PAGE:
Skip to main content

Altered microRNAs in C3H10T1/2 cells induced by p.E95K mutant IHH signaling



Indian Hedgehog (IHH), an important cell signaling protein, plays a key regulatory role in development of cartilage and chondrogenesis. Earlier studies have shown that heterozygous missense mutations in IHH gene may cause brachydactyly type A1 (BDA1), an autosomal dominant inheritance disease characterized by apparent shortness or absence of the middle phalanges of all digits. MicroRNAs (miRNAs) have been found to be significant post-transcriptional regulators of gene expression and significantly influence the process of bone-development. Therefore, it is possible that miRNAs are involved in the mechanism underlying the development of BDA1. However, the relationship between miRNAs and the pathogenesis of BDA1 remains unclear.


In this study, we used microarray-based miRNA profiling to investigate the role of miRNAs in BDA1 by characterization of differentially expressed miRNAs in C3H10T1/2 cell line induced by wild type (WT) and p.E95K mutant (MT) IHH signaling.


Our results identified 6 differentially expressed miRNAs between WT and control (CT) group and 5 differentially expressed miRNAs between MT and CT groups. In particular, miR-135a-1-3p was found to be a significantly differentially expressed miRNA between WT and CT group. Results of dual-luciferase reporter gene experiment successfully discovered Hoxd10 was one of the target gene of miR-135a-1-3p. Additionally, our pathway analysis revealed that the targets of these miRNAs of interest were highly involved with Runx1/2, Notch and collagen-related pathways.


Taken together, our findings provided important clue for future study of the process of miRNA-regulation in IHH signaling and novel insights into the regulatory role of miRNA in pathogenesis of BDA1.


Hedgehog (HH) signaling pathway is known to be a key regulator in development of cartilage in all the animals that possess bilateral symmetry [1, 2]. In mammals, there are three homologous proteins that are actively involved in the HH signaling pathway: sonic hedgehog (SHH), desert hedgehog (DHH) and Indian Hedgehog (IHH). In particular, IHH signaling pathway is an essential developmental pathway and plays a critical regulatory role in many physiological processes [3]. Members of this pathway are mainly expressed by chondrocytes in mammal development of cartilage [4]. IHH protein interacts with patched 1 (PTCH1), a transmembrane receptor protein of its receptor. The interaction between IHH and PTCH1 results in the suppression of smoothened (SMO). The suppression of SMO allows transducing activation signal to the downstream glioma-associated oncogene homolog (Gli) transcription factors [5, 6]. IHH/Gli signaling pathway induces differentiation of osteoblasts and plays an important role in endochondral osteogenesis [7]. Any abnormalities in IHH/Gli signaling pathway leads to abnormal bone development.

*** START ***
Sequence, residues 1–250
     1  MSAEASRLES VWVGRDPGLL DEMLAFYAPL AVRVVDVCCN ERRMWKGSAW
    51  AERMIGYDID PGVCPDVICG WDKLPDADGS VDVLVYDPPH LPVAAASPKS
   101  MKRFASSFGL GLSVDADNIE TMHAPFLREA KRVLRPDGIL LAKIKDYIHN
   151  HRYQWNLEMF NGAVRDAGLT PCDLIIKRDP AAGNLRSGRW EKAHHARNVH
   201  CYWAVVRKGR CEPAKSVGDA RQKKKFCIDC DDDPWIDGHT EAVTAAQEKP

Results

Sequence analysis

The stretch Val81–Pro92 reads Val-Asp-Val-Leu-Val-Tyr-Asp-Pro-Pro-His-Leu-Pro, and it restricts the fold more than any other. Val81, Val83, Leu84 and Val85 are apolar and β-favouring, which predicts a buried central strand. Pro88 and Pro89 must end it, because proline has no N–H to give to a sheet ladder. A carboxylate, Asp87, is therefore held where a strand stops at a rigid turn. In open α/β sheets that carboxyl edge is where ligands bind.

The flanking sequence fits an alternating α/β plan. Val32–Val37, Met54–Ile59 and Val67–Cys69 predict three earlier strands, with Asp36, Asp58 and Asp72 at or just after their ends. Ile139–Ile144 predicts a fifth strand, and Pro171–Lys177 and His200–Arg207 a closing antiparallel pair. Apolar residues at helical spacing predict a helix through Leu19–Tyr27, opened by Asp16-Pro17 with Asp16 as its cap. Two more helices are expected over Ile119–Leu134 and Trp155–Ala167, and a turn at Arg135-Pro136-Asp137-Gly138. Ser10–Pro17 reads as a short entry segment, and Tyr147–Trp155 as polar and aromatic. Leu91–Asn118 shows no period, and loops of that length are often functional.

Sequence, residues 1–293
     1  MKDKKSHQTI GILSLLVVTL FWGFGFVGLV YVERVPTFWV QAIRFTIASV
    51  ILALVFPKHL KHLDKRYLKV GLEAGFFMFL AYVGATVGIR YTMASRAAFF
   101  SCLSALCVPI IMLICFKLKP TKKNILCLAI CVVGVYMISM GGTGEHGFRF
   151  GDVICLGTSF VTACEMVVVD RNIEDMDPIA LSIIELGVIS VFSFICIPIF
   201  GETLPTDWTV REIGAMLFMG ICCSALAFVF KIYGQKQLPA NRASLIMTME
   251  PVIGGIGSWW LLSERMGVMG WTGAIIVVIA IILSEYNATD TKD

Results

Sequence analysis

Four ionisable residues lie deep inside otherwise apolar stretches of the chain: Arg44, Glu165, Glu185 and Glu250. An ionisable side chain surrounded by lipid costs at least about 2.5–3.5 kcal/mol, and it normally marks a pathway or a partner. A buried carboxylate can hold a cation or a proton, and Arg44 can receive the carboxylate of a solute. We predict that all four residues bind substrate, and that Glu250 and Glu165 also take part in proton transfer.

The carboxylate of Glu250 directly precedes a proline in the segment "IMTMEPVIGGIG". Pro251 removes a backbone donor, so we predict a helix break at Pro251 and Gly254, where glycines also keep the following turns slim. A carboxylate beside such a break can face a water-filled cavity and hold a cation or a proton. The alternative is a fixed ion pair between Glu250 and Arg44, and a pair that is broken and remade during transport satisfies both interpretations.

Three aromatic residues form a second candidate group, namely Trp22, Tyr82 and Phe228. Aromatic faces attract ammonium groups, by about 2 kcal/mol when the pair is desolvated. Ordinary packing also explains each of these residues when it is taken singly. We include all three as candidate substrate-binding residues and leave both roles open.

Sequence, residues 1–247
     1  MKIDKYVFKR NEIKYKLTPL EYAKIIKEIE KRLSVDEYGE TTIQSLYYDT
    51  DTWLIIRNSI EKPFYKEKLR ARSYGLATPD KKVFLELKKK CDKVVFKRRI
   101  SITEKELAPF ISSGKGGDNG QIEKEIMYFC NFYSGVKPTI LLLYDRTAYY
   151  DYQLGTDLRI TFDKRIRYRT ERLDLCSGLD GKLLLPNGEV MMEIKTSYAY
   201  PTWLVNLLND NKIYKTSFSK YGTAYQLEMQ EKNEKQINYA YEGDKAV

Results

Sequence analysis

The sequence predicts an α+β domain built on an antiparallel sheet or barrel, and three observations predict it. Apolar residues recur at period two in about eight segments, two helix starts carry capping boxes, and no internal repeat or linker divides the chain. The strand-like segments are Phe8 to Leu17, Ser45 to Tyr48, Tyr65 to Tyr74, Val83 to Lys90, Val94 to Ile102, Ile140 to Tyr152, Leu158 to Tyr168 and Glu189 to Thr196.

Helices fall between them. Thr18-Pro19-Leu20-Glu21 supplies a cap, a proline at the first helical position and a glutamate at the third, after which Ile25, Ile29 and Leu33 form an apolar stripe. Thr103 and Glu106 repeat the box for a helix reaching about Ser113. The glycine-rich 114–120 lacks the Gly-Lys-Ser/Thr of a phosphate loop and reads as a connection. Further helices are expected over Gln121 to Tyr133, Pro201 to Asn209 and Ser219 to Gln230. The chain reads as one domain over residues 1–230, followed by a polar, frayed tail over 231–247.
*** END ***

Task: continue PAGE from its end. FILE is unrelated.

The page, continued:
MicroRNAs (miRNAs) are single-stranded non-coding RNAs (17-25nt) that are known to play a key role in various cellular pathways, including pathways of growth and proliferation, apoptosis, and developmental timing [8,9,10]. MiRNAs are significant post-transcriptional regulators of gene expression that have been founded in a great number of organisms [11, 12]. MiRNAs negatively regulate specific messager RNA (mRNA) translation by direct binding to partially complementary sequences in target mRNA. Previous studies have shown that miRNAs negatively regulate osteoblast differentiation and bone formation by targeting related signaling pathways or downstream transcription factors [13, 14]. For example, miRNA-467g has been found to inhibit new bone regeneration through suppression of HH signaling pathway by targeting Runx-2[13]. However, the mechanism of miRNA-mediated regulation of abnormalities in IHH pathway remains unclear.

Brachydactyly type A1 (BDA1) is an autosomal dominant inheritance disease caused by missense mutations of heterozygotes in IHH. It is a dysplasia/aplastic disorder characterized by the shortening or missing of the middle phalanges [15, 16]. A number of earlier studies have suggested that p.E95K in the N-terminal fragment of IHH protein, a mutation found in BDA1 individuals, affected the interaction between PTCH1 and its partners. This interaction of PTCH1 may be able to prevent the induction of the signaling [17]. The p.E95K mutation has been found to affect the differentiation of chondrocyte and severely impair the development process of cartilage, resulting in a delayed formation of endochondral bone and brachydactyly phenotype [6]. It has also been found that the p.E95K mutant IHH protein affected Gli-mediated downstream regulation through a series of signal transduction [18]. However, the modulation of miRNAs in p.E95K mutant IHH signaling remains unknown.